Windows Backup and Restore, the backup system built into Windows 7, when setup with default settings, makes a full snapshot of the entire local hard drive. Windows calls it a System Image. Not many people know that the snapshot/system image is actually stored as VHD files, one per partition. Windows Backup and Restore uses VSS to freeze the file system when it takes a snapshot. That means if your computer is running an instance of MS SQL Server (most-likely for an installed program), the database gets copied as well - usually without corruption.
Windows Backup and Restore is only able to restore files from the folder of files that it copied as part of the file selection made during the setup wizard - not the files in the VHDs. So, how do we restore the files form VHDs? Here we go.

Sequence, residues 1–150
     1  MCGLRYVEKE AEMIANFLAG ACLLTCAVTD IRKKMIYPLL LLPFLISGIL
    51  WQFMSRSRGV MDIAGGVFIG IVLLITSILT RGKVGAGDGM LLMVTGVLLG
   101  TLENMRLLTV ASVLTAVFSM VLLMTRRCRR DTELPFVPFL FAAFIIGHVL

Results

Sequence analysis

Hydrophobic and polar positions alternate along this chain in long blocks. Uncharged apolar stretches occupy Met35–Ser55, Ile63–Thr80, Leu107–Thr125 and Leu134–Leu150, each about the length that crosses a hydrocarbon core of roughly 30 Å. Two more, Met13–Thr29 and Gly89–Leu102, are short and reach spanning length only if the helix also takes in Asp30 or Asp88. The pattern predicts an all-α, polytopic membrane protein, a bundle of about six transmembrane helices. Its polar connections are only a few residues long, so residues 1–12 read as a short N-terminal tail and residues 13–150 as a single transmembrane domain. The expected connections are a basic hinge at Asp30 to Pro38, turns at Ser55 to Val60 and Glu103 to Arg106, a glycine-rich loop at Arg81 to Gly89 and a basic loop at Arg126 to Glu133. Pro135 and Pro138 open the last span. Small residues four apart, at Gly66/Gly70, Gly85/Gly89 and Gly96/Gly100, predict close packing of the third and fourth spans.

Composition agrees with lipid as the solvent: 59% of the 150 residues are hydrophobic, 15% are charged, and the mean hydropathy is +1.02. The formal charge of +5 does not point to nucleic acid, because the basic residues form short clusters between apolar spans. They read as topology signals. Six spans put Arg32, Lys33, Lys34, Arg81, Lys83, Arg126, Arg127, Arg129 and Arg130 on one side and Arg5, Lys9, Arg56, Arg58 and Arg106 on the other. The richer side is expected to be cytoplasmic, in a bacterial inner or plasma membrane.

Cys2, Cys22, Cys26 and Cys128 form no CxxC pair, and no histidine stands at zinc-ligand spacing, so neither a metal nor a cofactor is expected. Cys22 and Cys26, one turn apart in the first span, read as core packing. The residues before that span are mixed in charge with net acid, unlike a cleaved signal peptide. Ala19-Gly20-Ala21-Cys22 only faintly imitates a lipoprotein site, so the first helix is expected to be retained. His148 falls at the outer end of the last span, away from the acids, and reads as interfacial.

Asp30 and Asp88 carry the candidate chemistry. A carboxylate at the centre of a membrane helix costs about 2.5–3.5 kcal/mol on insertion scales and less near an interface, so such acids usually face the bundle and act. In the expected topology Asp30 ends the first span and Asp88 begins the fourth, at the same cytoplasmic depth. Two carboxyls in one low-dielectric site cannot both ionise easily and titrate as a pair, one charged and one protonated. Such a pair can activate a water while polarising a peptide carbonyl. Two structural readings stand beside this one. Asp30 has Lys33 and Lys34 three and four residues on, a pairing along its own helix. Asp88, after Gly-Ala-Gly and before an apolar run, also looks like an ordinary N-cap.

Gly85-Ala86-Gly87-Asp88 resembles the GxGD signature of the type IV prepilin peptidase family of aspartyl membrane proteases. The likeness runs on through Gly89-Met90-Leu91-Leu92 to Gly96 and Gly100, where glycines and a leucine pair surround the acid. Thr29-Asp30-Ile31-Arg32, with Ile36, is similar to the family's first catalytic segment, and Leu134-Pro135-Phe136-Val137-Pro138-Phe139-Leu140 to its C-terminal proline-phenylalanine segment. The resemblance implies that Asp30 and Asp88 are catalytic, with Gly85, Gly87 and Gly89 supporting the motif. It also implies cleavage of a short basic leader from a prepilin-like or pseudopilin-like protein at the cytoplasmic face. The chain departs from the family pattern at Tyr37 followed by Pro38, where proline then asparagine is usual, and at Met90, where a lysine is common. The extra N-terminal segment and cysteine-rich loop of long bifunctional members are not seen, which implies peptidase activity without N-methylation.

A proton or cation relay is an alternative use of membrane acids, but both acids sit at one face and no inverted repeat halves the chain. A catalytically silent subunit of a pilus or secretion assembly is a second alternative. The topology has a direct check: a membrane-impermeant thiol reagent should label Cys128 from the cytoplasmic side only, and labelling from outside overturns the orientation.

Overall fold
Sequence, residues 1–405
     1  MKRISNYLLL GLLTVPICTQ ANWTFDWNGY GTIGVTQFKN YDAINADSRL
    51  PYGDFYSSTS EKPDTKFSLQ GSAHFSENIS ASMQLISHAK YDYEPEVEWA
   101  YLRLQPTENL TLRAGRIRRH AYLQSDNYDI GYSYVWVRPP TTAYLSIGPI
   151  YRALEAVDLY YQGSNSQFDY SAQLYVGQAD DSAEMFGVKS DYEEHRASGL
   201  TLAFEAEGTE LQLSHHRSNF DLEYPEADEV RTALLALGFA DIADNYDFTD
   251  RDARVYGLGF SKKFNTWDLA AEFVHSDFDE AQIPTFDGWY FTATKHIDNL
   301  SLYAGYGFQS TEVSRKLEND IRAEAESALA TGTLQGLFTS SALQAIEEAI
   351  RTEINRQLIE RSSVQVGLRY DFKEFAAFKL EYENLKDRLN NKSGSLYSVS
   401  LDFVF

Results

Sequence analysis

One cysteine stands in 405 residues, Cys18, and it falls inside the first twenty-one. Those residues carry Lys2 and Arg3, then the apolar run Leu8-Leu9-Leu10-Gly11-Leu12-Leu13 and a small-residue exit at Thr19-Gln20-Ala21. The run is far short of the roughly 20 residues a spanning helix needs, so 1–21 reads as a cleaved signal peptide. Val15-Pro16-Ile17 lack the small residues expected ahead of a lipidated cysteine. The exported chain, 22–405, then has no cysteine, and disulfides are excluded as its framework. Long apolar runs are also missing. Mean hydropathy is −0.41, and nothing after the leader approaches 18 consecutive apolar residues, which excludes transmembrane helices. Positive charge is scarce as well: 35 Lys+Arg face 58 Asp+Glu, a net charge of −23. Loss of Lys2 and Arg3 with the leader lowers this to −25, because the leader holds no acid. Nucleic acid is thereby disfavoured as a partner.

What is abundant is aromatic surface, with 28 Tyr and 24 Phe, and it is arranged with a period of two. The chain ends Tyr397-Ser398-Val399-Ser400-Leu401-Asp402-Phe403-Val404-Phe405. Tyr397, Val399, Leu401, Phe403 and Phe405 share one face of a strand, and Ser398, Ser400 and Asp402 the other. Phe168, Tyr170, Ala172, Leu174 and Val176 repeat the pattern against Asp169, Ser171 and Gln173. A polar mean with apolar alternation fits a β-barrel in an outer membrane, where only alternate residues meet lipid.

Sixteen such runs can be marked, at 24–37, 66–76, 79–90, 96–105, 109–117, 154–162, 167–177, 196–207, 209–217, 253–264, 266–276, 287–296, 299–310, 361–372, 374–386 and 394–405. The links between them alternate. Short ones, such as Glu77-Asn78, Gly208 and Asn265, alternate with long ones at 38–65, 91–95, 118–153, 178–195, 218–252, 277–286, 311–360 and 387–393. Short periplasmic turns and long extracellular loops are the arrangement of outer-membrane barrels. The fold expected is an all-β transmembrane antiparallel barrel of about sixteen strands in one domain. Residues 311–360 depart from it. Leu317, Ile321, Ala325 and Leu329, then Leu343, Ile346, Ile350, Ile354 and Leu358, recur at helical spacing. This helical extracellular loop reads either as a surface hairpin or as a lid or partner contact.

Windows 7 Home and Professional are both capable of mounting VHDs as a native file system. We can instruct Windows to mount the VHDs using the diskpart command line or the Disk Management Snap-In. I prefer Disk Management for simplicity.
The VHD files are buried in a folder named WindowsImageBackup in the backup destination - usually an external hard drive. (Sometimes it's necessary to mount the external hard drive using Disk Management to get to the folders on it.) The VHDs are named with a bunch of funky numbers and letters we call a GUID.
Follow these steps:
The VHD will be mounted as the next available drive letter. You may browse the mounted drive and copy the files you need. Without setting the Read-only checkbox in the Attach Virtual Hard Disk window, you may change the files in the VHD as you please.